This Independence Day, An Indo-Pak Treat By Robin Hood Army For 100,000 Hungry

14/08/2015 12:28 PM IST | Updated 15/07/2016 8:25 AM IST
RobinHood Army

NEW DELHI—Thanks to border skirmishes, border patrols from India and Pakistan have cancelled a traditional, Independence Day-ritual of sharing sweets. Taking up their slack another army, called the 'Robin Hood Army' sans guns and howitzers and shorn off medevial-England brigandry, aims to ensure that a hundred thousand hungry in India and Pakistan will sleep, better fed, while their nations commemorate independence from the British.

READ: How India's 'Robin Hood Army' Is Feeding The Homeless From Restaurant Surplus

The Robin Hood Army, a charity which operates in both India and Pakistan and arranges surplus food from restaurants to feed at least 4000 every day, have launched a #Mission100k on war footing. The campaign aims to mobilize students across India and Pakistan to rally together and dine at least 100,000 on both sides of the Line of Control.

“We wanted to do something unique which would inspire students to give back to the community,” Neel Ghose, founder of the Robin Hood Army told HuffPost India.

To that end, the Robin Hood Army has reached out to students of colleges across cities such as the Shri Ram College of Commerce (Delhi), St. Xavier’s (Calcutta and Mumbai), Indian School of Business (Hyderabad), PEC University of Technology (Chandigarh), Lahore University of Management Sciences (Lahore), and Institute of Business Administration (Karachi).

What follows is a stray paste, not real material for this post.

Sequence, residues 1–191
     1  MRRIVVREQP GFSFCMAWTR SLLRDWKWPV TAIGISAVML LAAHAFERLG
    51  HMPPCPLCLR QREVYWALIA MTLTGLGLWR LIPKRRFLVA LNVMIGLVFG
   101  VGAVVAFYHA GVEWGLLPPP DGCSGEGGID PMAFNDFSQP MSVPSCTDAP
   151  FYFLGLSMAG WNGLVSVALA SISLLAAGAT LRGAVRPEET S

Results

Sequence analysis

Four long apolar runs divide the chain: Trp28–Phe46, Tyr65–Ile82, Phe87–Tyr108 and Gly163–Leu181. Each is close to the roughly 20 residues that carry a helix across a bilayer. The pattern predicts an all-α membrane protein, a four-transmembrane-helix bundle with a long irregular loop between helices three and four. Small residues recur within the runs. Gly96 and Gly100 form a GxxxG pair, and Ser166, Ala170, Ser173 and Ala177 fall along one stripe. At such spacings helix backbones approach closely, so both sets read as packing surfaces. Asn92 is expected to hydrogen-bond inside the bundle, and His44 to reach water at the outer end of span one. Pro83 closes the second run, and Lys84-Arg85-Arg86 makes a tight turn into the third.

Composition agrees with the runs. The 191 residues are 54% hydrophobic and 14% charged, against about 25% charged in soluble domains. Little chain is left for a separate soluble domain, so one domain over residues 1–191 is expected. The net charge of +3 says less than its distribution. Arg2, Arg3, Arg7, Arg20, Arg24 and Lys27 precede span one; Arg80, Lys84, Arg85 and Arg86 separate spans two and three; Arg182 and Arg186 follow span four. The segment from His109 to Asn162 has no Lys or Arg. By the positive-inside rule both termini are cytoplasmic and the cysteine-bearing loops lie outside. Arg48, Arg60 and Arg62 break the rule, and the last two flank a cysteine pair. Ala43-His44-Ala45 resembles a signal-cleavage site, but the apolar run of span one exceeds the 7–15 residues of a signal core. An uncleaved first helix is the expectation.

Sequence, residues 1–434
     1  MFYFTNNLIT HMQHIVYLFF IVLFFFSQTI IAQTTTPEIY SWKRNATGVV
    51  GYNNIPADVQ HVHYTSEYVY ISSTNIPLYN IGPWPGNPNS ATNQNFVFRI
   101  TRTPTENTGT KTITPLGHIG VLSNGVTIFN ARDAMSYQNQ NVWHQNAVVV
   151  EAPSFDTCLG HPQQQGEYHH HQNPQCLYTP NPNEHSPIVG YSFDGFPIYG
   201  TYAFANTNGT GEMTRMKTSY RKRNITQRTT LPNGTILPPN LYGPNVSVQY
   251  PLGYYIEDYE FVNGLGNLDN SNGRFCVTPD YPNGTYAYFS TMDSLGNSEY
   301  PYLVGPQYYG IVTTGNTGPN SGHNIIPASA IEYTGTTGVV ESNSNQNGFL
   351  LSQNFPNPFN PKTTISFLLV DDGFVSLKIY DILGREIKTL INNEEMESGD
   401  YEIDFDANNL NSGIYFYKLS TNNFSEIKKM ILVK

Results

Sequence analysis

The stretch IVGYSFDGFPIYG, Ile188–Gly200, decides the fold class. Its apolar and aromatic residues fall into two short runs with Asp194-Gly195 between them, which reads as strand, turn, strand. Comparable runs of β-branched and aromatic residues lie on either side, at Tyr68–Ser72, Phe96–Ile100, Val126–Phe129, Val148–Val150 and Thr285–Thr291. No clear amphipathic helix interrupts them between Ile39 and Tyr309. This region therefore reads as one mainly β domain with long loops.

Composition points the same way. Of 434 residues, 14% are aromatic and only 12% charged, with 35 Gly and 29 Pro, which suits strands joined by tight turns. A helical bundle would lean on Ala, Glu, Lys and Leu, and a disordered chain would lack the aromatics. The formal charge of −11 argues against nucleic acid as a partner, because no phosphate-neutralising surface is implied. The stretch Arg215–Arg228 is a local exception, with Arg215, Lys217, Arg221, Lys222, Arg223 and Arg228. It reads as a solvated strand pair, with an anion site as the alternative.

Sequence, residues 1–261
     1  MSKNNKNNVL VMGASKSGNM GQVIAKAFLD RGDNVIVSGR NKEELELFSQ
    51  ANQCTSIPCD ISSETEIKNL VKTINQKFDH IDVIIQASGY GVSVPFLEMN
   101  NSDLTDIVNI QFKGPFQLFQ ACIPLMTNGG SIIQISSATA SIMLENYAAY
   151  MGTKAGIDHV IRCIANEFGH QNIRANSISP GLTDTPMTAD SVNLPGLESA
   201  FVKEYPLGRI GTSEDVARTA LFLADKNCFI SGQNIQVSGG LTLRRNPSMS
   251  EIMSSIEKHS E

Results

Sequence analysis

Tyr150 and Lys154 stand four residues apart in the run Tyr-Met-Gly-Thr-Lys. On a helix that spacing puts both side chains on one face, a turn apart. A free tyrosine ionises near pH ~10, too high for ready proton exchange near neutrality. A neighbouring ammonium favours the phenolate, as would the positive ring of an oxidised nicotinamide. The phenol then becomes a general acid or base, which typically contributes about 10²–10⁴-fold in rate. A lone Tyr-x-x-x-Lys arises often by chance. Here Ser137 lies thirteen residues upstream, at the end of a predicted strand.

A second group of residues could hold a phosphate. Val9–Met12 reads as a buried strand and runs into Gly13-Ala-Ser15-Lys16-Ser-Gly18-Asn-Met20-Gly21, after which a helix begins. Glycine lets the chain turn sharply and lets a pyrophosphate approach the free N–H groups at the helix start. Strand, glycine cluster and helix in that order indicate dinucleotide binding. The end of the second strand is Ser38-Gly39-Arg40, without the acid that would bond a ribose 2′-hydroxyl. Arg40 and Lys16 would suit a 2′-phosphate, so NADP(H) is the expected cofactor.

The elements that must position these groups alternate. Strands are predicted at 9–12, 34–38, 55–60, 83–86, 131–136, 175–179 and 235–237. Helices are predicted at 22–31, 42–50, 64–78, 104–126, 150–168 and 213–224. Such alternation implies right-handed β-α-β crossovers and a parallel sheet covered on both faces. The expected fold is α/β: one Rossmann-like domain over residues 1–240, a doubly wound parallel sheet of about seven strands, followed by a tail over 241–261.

The organization, which consists of over 750 volunteers spread across 15 cities in India, has rapidly--and happily--infiltrated Pakistan. "What started in Delhi in June 2014 has now reached across the borders. We have over 45 volunteers in Pakistan," Ghose said.

Sarah Afridi and Sarfaraz Abid, who set up the Robin Hood Army in Pakistan, patriotically say that the "biggest" act of freedom is serving your own countrymen. "Especially those who need it most," said Afridi, "The aim is to guide students who are the future of the country, to actively bridge these inequalities."

Priyanka Joshi, Assistant Professor, SRCC, said, “Our students are chalking out plans to play their part in this unique cross-border movement. We believe this whole exercise will provide fantastic exposure to the younger generation."

Ghose emphasises that this isn't a one-time publicity exercise. "We are on a mission to curb the waste of food and stamp out hunger. The effort will continue," he said.

The campaign has already started getting attention from both sides of the border as these tweets suggest.

The demography of Pakistan and India are very similar. According to the FAO, 40 percent of children in Pakistan are malnourished and underweight due to lack of access to adequate food. In India, close to 1.3 million children die every year because of malnutrition according to the World Health Organization.

And this is not because there isn't enough. Pakistan is the 8th largest food producing country and India is the second largest producer of wheat and rice, the world's major food staples.

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